The US federal computer crime statute, Title 18 U.S.C. 1030, makes it a crime to knowingly access a computer used in interstate or foreign communication "without authorization" and obtain any information from the computer. A separate provision makes it a crime to access a computer without authorization with "intent to defraud" to obtain "anything of value". Fortunately, this provision also specifies that it doesn't apply if "the object of the fraud and the thing obtained consists only of the use of the computer and the value of such use is not more than $5,000 in any 1-year period."

So, if the government wanted to throw you in jail, it could argue that, by getting free Internet, you were accessing the provider's computer without authorization (and that you knew or should have known it was without authorization or in excess of authorization) and you thereby obtained some information from the computer. Sure, that statute was intended to go after data thieves. But the access necessarily shares some data - IP, routing, etc - between the computers, and the statute does not specify exactly what information must be obtained. That means you've potentially committed a felony.

But wait, you say, I didn't knowingly access the computer without authorization - there was no security on it. How was I supposed to know that I wasn't allowed to access the Wi-Fi connection? Here is the troublesome part: if you accept this argument - that by broadcasting a connection you are inviting others to share it - you end up on a slippery slope. How much security must you have on a system in order to be able to prosecute someone for accessing it without authorization?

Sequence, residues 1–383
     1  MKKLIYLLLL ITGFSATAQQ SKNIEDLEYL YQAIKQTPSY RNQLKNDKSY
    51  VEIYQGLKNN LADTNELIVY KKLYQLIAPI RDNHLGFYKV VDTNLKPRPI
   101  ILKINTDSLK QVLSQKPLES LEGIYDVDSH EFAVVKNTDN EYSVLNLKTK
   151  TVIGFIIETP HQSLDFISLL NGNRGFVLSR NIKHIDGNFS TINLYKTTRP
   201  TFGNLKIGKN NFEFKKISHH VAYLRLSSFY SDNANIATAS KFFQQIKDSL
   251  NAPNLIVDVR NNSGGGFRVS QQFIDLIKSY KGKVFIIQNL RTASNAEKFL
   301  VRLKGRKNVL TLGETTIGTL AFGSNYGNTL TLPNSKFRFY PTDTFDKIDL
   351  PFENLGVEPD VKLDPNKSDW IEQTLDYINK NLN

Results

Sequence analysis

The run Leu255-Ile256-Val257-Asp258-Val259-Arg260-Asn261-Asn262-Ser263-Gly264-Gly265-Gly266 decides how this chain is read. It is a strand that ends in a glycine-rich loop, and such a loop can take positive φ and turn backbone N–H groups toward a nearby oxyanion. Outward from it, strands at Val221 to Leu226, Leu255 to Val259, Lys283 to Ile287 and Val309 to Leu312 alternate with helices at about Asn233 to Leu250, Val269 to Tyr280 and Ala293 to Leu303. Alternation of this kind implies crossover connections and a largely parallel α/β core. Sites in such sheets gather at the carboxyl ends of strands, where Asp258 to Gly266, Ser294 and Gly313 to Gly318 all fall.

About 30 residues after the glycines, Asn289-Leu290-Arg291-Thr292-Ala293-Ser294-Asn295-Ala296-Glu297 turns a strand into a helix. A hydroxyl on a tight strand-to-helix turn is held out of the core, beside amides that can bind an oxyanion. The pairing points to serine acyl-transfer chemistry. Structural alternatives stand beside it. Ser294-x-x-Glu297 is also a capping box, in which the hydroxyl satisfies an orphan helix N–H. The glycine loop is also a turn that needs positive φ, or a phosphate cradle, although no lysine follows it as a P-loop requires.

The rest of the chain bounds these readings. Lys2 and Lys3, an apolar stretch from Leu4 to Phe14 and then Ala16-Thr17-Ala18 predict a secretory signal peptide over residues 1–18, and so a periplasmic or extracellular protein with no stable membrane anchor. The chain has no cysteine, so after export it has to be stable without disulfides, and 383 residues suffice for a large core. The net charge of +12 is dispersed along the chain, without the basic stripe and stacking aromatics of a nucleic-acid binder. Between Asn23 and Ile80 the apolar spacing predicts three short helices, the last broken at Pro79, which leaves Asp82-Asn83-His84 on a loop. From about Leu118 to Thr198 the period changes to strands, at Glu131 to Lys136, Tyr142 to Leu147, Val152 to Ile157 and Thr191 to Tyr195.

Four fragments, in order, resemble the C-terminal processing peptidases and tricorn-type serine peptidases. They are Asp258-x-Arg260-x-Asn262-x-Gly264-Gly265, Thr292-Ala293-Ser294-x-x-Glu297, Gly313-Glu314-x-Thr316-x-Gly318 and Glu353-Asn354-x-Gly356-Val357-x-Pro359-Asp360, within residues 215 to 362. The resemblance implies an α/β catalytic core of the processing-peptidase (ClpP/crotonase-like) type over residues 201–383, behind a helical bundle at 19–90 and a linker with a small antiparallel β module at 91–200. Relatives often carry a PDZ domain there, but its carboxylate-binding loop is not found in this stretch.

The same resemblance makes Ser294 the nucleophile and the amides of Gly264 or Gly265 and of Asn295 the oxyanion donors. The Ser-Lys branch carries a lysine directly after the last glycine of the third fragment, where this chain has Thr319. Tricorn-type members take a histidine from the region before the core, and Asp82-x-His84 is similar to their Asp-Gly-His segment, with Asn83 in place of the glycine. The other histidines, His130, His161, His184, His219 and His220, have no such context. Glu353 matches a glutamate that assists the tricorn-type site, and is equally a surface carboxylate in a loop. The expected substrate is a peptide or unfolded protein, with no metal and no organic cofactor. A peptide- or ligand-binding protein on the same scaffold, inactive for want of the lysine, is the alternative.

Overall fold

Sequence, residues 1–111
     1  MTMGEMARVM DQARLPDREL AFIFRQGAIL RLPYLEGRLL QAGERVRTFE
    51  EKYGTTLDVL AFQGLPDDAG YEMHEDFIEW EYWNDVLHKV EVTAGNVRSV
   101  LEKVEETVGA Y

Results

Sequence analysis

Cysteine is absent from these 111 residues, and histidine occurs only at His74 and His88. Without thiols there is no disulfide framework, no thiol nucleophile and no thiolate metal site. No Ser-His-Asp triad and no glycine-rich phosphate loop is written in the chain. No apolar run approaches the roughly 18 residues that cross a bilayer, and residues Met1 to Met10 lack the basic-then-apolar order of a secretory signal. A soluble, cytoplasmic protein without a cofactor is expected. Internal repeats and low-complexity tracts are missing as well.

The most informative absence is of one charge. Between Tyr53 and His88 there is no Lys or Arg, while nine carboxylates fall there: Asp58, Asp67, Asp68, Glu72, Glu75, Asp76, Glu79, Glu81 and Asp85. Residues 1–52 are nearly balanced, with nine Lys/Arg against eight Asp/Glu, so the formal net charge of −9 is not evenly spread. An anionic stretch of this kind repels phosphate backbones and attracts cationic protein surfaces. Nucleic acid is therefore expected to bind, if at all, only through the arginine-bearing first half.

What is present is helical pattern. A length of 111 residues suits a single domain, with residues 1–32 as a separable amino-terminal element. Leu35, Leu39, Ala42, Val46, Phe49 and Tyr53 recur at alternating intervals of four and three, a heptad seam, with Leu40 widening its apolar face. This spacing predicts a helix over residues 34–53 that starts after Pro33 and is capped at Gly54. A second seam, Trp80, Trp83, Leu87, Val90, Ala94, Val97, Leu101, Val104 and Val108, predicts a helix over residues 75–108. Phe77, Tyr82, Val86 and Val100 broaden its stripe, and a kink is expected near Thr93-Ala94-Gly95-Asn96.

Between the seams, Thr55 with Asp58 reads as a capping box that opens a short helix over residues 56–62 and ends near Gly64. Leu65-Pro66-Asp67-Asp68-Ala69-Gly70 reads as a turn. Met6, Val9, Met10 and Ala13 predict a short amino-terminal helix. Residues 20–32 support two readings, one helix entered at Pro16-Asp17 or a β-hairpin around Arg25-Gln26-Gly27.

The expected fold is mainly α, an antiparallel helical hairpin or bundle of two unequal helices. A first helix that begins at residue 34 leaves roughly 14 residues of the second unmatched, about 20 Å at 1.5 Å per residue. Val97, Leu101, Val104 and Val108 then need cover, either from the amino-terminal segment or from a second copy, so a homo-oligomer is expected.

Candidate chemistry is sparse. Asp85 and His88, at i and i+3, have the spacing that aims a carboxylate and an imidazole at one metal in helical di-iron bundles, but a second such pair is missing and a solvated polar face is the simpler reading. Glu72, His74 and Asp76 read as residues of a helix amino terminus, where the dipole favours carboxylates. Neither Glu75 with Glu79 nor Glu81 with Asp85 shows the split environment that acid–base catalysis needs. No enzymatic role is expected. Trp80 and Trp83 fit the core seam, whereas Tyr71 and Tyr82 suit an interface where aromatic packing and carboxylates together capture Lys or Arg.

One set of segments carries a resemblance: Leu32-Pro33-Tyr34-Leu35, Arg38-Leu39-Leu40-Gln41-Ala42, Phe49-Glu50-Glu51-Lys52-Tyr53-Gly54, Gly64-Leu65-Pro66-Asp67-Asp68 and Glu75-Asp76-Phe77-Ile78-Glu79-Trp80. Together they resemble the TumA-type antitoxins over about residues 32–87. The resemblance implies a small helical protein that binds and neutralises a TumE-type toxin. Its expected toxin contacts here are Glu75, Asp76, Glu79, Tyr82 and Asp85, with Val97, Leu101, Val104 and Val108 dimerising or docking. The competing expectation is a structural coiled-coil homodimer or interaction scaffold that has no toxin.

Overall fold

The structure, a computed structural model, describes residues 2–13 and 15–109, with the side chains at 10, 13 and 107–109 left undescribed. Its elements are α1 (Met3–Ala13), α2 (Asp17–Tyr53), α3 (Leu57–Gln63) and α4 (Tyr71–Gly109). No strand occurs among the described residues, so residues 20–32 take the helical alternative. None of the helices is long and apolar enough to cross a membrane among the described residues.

From Access to Interception

In fact, the companion New York State computer crime law, NY Penal Code Section 156 (6), requires that, before you can be prosecuted for using a computer service without authorization, the government has to prove that the owner has given actual notice to potential hackers or trespassers, either in writing or orally. In the absence of such notice in New York, the hacker can presume that he or she has authorization to proceed, under state law.